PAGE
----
Eventually, the Texas Department of Corrections contracted former Texas Ranger Frank Hamer (1844-1955) to hunt down the Barrow Gang. Frank Hamer was known for his marksmanship, investigation skills, and toughness. This Ranger had a renowned status in the southwest as a Texas Ranger. He was retired, but his commision had not yet expired. Frank Hamer accepted the task as a Texas Highway Patrol officer and his sole duty was to take down the Barrow Gang. Hamer was uneasy at the compensation of $180 every month, even less than half of his current salary,  but he was told he would have his fair portion of the reward money. On April 1, 1934, Bonnie and Clyde encountered and murdered two young highway patrolmen near Grapevine, Texas.

Hamer spent a long time observing the pattern of the gang’s movements. He found out that the gang essentially made a wide circle throughout the states of the lower Midwest. The gang swung in a circle, passing the edges of 5 states. The Barrow gang took advantage of the fact that law officers could not chase the suspects across the state borders. The anchor points of the circle of crime were in Dallas, Joplin, Missouri, and Northwest Louisiana, with wider arcs for bank robberies. Hamer also needed to understand the thought process behind Barrow’s movements and his next move. When he began to understand the mind of Clyde Barrow, he knew he was making good progress. He could accurately predict where Barrow was going to travel next. Hamer was constantly chasing the Barrow gang. He would drive hundreds of miles every day and be in the town right behind the town the Barrow gang was in. He was their shadow. Frank had a posse consisting of Texas Rangers Frank Hamer, Ted Hinton, Robert Alcorn and B.M. “Maney” Gault with Louisiana officers Henderson Jordan and Prentiss Morel Oakley, an excellent marksman.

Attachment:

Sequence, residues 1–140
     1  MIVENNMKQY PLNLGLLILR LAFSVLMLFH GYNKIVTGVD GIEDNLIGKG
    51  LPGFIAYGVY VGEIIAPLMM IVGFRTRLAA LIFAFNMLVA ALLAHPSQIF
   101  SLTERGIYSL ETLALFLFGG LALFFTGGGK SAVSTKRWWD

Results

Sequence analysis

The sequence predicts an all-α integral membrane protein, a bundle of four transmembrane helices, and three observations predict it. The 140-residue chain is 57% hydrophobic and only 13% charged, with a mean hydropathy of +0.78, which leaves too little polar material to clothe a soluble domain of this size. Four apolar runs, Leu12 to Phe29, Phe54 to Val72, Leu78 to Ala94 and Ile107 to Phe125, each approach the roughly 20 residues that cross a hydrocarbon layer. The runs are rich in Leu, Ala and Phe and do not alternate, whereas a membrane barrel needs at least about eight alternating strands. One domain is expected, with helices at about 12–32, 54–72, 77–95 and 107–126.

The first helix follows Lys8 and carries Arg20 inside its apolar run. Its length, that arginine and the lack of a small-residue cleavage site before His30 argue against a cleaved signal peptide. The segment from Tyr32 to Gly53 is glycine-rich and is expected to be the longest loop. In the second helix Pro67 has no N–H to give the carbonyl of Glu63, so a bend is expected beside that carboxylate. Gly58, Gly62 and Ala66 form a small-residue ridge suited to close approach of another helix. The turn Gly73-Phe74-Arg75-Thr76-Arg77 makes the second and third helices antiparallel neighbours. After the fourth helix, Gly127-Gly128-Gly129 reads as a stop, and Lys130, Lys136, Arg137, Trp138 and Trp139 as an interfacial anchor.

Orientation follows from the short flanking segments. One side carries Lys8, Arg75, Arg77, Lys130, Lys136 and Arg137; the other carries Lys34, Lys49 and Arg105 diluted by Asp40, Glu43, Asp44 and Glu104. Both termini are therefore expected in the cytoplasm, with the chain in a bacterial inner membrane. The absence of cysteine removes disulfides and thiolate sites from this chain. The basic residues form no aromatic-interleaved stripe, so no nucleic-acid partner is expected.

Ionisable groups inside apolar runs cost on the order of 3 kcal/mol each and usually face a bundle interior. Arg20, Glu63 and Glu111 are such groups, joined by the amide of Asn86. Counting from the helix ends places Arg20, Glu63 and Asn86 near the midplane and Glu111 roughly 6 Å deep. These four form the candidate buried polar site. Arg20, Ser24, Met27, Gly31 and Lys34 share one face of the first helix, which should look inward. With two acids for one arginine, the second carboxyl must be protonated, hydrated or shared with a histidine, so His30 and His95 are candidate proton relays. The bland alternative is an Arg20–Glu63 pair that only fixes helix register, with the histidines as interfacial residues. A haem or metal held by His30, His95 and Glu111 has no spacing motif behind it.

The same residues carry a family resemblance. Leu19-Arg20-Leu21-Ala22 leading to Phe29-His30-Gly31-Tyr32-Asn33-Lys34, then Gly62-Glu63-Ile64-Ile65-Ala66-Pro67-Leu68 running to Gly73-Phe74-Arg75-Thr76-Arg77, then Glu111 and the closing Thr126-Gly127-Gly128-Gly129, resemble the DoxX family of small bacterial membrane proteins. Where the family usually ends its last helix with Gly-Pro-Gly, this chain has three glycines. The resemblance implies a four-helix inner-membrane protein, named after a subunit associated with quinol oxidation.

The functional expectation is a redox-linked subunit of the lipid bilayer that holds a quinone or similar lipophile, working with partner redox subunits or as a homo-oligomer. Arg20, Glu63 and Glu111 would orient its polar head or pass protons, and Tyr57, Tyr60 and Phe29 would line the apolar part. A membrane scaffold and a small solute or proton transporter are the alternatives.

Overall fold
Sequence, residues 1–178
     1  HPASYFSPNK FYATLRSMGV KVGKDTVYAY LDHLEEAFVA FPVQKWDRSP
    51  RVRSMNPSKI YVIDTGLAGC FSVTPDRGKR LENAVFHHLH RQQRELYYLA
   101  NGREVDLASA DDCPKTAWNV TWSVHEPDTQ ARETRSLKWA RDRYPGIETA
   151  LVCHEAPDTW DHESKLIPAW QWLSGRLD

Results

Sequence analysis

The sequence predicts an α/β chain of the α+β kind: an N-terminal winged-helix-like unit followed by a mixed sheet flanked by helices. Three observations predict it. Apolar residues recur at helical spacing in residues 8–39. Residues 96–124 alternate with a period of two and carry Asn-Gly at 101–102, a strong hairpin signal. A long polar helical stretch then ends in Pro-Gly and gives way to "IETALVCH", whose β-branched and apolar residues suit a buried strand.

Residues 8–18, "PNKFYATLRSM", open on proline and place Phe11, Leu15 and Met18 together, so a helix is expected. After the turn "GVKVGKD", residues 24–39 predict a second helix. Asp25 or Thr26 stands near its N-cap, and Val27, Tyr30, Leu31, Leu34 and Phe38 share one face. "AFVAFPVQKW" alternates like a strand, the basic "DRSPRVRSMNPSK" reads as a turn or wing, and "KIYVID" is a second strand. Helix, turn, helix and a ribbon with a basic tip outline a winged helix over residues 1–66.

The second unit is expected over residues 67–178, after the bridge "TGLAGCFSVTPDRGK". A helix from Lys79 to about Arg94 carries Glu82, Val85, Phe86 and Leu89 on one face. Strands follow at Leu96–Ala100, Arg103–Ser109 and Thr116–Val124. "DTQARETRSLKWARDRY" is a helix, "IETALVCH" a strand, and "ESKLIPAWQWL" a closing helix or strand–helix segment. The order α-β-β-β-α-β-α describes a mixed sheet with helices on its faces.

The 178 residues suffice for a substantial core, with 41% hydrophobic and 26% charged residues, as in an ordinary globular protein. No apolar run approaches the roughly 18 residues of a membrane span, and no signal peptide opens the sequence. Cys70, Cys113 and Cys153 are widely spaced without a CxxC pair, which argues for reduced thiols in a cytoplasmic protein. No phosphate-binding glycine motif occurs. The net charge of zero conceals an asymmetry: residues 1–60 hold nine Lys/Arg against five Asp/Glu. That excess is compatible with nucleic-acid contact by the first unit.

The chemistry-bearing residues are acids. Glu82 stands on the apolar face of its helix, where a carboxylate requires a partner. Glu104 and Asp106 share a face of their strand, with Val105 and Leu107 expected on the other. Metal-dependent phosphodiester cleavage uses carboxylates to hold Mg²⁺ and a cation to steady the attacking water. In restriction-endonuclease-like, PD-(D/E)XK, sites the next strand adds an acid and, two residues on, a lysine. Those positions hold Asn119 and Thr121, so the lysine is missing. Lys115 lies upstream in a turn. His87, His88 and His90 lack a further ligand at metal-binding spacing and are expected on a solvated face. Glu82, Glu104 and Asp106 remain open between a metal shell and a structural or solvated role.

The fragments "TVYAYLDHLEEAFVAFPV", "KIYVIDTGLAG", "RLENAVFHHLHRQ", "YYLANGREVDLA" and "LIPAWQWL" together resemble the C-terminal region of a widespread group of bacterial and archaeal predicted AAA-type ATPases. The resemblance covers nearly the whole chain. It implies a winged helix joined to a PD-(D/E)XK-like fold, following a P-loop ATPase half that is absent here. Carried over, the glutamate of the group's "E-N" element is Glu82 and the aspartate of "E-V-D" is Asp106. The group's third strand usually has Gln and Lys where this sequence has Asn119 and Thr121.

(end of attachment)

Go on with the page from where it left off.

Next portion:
On May 21, four of the posse members were in Shreveport when they found out that Bonnie and Clyde were planning on visiting Methvin, a gang member at Bienville Parish. The full posse planned on ambushing them along Louisiana State Highway 154 south of Gibsland toward Sailes. Hinton remembered that the group was in position by 9 pm and waited for the whole of the next day (May 22) On May 23, at about 9:15 AM, as they were about to give up, but suddenly, they heard a Ford V8 screaming at them on the dirt road. Ivy Methvin had his truck positioned near the road, and the posse hoped that Bonnie and Clyde would talk to Methvin as part of the trap such that the Barrow gang’s car would be near the bushes where the posse hid. As soon as Barrow fell into the trap, Oakley opened fire. Barrow was dead instantly and Hinton heard Bonnie scream. The officers fired nearly 130 rounds into the car. After they finished shooting their rifles, they continued using shotguns and then their pistols. Bonnie and Clyde’s car was later on sold as a collector’s item at Primm Valley Resort in Las Vegas in 1988 for $250,000.

According to statements made by Hinton and Alcorn:

“Each of us six officers had a shotgun and an automatic rifle and pistols. We opened fire with automatic rifles. They were emptied before the car got even with us. Then we used shotguns. There was smoke coming from, and it looked like it was on fire. After shooting the shotguns, we emptied the pistols into the car, which had passed us and ran into a ditch about 50 yards down on the road. It almost turned over. We kept shooting the car even after it stopped. We weren’t taking any chances.”


The terror of Bonnie and Clyde was finally over. The lawmen discovered an entire arsenal of various firearms, including stolen automatic rifles from a national armory and several thousand ammo rounds. Four of the Ranger drove the car to the town to their boss, while the other police officers were told to protect the vehicle. Instantly, a mob formed around the vehicle, and Hamer was sent to control the joyful crowds. Many people went to take items from Bonnie and Clyde’s car as souvenirs. One person even used a pocket knife and cut off part of Clyde’s ear;